Sullivan’s Island is a real place, a barrier island seven miles off the coast of Charleston, South Carolina. Home to Fort Moultrie, which is known for its role in the American Revolution and the Civil War, it is also called the “Ellis Island of Slavery” as over 200,000 slaves from the west coast of Africa entered our country on its shores between 1770 and 1775. As a young soldier, Edgar Allen Poe was stationed at Fort Moultrie and wrote The Gold Bug during that time. It is said the island is a haunted place, populated with the ghosts of broken hearts and lives of untold courage.
Dorothea Benton Frank’s first novel, Sullivan’s Island combines the stories of love and family with history and place. Set in 1963 and in 1999, it compares and contrasts coming of age in the tumultuous early sixties to coming of age in the peace of the early nineties. It introduces the Gullah Culture to many people for the first time and explains its significance in forming the traditions and values of the island children, which they carry into their adult lives. Sullivan’s Island looks at the rigors of Catholicism during the early sixties, shattered childhood innocence, betrayal and revenge and the magic of Lowcountry life.
The protagonist, Susan Hamilton Hayes is in her early forties when we meet her. She is the wife of Tom, a prominent Charleston attorney and the mother of their daughter, Beth. In the prologue, we watch her life implode and then watch and learn how she puts it back together with great humor and pure grit.
We travel back with her to revisit the bitter disappointments of her childhood until she discovers decades later that those juvenile conundrums and challenges gave her the strength to face her adult years. And, most of those lessons were taught to her by Livvie Singleton, an African American woman, descended from slavery.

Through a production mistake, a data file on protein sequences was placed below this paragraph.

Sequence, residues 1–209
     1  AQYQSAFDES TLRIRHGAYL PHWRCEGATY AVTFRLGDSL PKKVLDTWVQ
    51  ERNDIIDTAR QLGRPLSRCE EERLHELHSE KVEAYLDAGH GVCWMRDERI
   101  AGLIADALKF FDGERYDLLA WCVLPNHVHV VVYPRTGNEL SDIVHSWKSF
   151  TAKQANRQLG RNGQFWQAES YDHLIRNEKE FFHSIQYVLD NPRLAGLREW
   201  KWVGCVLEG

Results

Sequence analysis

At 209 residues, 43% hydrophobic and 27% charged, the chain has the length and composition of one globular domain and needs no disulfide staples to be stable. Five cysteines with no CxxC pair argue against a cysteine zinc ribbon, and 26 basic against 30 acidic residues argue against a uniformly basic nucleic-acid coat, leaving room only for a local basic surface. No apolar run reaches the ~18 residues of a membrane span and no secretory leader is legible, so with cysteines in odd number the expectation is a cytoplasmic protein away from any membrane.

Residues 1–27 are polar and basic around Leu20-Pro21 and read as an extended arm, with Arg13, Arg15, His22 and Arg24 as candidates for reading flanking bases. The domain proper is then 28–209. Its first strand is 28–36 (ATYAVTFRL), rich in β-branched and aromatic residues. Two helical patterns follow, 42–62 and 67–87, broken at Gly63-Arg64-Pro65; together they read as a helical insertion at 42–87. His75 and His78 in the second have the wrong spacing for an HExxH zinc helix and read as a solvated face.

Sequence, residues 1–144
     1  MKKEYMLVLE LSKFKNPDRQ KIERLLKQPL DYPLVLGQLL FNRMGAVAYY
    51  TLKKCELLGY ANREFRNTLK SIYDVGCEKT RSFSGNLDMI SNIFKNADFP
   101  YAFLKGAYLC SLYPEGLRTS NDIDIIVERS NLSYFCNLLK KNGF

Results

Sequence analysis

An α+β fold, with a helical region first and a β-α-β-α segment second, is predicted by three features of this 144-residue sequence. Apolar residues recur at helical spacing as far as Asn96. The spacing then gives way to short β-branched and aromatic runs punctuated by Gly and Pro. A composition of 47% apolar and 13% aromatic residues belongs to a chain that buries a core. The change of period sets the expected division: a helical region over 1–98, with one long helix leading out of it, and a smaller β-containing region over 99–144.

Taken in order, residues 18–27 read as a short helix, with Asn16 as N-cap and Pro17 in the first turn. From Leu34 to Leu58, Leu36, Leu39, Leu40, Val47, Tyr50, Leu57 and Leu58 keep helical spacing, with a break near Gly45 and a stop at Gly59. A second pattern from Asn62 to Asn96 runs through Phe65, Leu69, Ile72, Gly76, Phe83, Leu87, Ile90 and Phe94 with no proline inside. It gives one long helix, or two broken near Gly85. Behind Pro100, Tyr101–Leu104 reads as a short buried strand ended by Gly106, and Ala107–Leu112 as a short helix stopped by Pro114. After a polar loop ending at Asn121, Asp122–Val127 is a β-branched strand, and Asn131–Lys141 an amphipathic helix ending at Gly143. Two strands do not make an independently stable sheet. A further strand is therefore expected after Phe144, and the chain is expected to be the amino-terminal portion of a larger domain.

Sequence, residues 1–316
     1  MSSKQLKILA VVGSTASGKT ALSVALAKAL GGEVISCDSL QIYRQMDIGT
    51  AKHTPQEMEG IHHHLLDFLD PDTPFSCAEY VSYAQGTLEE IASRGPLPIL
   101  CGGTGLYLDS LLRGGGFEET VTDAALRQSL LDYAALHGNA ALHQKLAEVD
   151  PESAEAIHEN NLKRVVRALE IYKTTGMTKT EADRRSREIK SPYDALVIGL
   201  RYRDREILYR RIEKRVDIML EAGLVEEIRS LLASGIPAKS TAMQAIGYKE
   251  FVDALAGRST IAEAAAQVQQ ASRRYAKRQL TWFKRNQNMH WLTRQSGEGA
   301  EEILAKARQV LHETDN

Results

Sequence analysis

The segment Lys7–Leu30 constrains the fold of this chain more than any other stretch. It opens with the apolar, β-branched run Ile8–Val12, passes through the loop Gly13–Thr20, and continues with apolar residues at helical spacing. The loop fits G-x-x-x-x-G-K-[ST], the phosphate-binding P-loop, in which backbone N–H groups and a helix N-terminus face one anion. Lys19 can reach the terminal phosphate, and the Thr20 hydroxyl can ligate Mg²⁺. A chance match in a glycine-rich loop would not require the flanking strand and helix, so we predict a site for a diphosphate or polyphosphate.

The Lowcountry itself as important as any character in Sullivan’s Island, because its rich history and great beauty teach all the characters who they are and where they belong on the planet. Perhaps most importantly, the Lowcountry and the night sky ofSullivan’s Island guide the characters to connect with the spiritual side of life and show them that love never dies.
Dorothea Benton Frank grew up on Sullivan’s Island, South Carolina and is the author of three NY Timesbestselling novels—Sullivan’s Island (Jove 2000), Plantation (Jove 2001) and Isle of Palms (Berkley 2003). All of her Lowcountry Tales feature a powerful sense of place and strong female characters who tackle life with a healthy sense of humor. Pat Conroy hailed Sullivan’s Island as hilarious and wise and Anne Rivers Siddons said it roars with life.
She has been a member of the NJ State Council on the Arts and the Drumthwachet Foundation, both appointments made by the Governor of NJ and currently serves as a member of the NJ Cultural Trust. In addition, she is a trustee of the Montclair Art Museum in Montclair, NJ, the Margaret Mitchell House in Atlanta GA and a member of Writers for Readers, a group that sponsors Literacy Partners in New York. A long time supporter of the arts and education, Ms. Frank has also served on the boards of The American Stage Company, The NJ Chamber Music Society, The Bill T. Jones/Arnie Zane Dance Company, The Community Foundation of NJ and others.
She is married to Peter Frank, the mother of two teenagers and they divide their time between South Carolina and the New York area. She invites readers to visit her web site at www.dotfrank.com.
Praise for the novels of Dorothea Benton Frank:
“Her books are funny, sexy, and usually DAMP WITH SEA WATER.”—Pat Conroy
“ONE HECK OF A BEACH BOOK…Frank keeps you reading compulsively.”—Charlotte Observer
“BLAZINGLY AUTHENTIC…A rich read.”—Publishers Weekly
“Sullivan’s Island ROARS WITH LIFE.”—Anne Rivers Siddons